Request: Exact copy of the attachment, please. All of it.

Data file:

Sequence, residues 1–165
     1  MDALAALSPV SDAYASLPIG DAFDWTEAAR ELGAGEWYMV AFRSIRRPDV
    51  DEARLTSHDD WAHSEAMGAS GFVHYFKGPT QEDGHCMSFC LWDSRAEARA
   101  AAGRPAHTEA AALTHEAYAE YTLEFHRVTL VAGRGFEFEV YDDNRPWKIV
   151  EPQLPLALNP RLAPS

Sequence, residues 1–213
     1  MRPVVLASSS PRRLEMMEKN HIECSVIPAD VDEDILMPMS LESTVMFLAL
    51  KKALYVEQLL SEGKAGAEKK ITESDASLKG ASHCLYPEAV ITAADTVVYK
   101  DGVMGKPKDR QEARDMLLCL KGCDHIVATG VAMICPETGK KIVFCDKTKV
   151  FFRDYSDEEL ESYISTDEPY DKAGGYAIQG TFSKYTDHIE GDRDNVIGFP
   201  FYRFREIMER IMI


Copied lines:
Sequence, residues 1–165
     1  MDALAALSPV SDAYASLPIG DAFDWTEAAR ELGAGEWYMV AFRSIRRPDV
    51  DEARLTSHDD WAHSEAMGAS GFVHYFKGPT QEDGHCMSFC LWDSRAEARA
   101  AAGRPAHTEA AALTHEAYAE YTLEFHRVTL VAGRGFEFEV YDDNRPWKIV
   151  EPQLPLALNP RLAPS

Sequence, residues 1–213
     1  MRPVVLASSS PRRLEMMEKN HIECSVIPAD VDEDILMPMS LESTVMFLAL
    51  KKALYVEQLL SEGKAGAEKK ITESDASLKG ASHCLYPEAV ITAADTVVYK
   101  DGVMGKPKDR QEARDMLLCL KGCDHIVATG VAMICPETGK KIVFCDKTKV
   151  FFRDYSDEEL ESYISTDEPY DKAGGYAIQG TFSKYTDHIE GDRDNVIGFP
   201  FYRFREIMER IMI